Father Marquette’s funeral is recreated during a pageant in 1936.

      Most scholars agree that the 1972 dig that uncovered the charred and bleached bones at the St. Ignace mission were probably, but not certainly, Marquette’s. Most of those bones now reside at Marquette University.

Two years after his death, in the spring of 1677, a group of his Huron Indian parishioners dug up the body and took it to his mission in St. Ignace for reburial.

According to Dr. James E. Fitting who led an excavation of the St Ignace site in 1972, “They picked off whatever flesh was left and bleached the bones in the sun–cleaned his remains up Indian-fashion. I suspect that they could have broken his bones into little fragments as part of their ritual. To have done him that honor, they would have had to consider him one of them.”

Dr. Lyle M. Stone, staff archeologist for the Mackinac Island State Park Commission, and Dr.Fitting , found evidence that tended to support the 100-year-old St. Ignace claim. The team used 17th century maps of the fort and of two Indian villages and dug near the place where a German priest, the Rev. Edward Jacker, had dug in 1877. Jacker found what he believed to be the bones of Marquette, sending half to Marquette University in Milwaukee, Wis.,, and sealing the rest in a box in the base of a monument to Pere Marquette at the mission site.

In the 1972 dig, sponsored by the Michilimackinac Historical Society at St. Ignace and the Mackinac Island State Park Commission, Fitting found a rosary and a bottle of French wine from Marquette’s time probably put into the grave by the Indians. Fitting reported that some of the bones were slightly charred, which would fit the mission fire, and that the small bleached fragments displayed evidence of Indian rites. Other bones found appeared to be animal remains.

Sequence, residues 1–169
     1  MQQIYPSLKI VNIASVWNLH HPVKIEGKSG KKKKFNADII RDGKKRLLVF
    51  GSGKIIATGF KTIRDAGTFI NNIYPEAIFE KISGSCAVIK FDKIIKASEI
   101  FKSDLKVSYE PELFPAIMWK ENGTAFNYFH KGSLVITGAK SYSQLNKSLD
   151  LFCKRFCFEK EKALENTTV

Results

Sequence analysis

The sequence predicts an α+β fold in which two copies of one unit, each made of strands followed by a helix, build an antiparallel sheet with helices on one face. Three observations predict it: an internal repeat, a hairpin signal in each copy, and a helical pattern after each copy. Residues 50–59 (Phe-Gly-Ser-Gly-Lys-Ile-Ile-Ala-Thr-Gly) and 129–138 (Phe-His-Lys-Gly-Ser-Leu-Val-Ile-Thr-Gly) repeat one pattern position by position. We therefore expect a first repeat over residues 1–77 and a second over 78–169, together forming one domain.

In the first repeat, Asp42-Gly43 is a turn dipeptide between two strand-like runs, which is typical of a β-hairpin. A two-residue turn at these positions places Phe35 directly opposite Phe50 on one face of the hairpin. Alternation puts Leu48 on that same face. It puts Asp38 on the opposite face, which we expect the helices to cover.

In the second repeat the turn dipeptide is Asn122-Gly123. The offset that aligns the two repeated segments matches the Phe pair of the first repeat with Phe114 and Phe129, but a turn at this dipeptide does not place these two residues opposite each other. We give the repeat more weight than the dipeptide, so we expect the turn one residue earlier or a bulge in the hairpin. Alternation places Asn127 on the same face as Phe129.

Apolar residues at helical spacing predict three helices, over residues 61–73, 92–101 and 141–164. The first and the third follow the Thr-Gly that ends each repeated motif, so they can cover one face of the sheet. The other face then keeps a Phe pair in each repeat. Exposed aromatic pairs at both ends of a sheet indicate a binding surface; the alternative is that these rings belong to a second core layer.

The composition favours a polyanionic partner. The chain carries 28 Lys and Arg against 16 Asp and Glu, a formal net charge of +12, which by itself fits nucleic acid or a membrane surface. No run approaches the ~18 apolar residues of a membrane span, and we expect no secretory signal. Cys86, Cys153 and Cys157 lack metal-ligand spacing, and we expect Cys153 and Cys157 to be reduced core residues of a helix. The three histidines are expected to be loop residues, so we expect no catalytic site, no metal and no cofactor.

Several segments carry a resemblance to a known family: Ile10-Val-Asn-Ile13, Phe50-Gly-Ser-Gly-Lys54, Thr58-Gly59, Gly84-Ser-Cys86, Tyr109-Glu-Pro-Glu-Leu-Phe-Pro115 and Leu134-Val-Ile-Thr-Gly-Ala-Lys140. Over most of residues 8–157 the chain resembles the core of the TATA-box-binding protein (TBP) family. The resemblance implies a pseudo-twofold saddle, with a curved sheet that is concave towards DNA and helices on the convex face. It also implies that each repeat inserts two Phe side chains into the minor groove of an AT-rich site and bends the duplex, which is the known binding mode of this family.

One possible explanation for the animal bones is that the Indians came back to claim the “great black robe” from the Jesuits after they had reburied him at his St. Ignace mission, took his remains and departed, leaving the animal bones.

Father Marquette’s coffin is brought ashore during the 1936 pageant.

      “We’ll never find a bronze plaque saying, ‘Here lies Fr. Marquette,’ but this is the only active candidate we have at this time,” said Dr. Stone.

Marquette and a group of Hurons he had converted to Christianity built the St. Ignace mission in 1671. Two years later, the priest and Louis Jolliet canoed south down Lake Michigan and explored the northern portion of the Mississippi in 1673.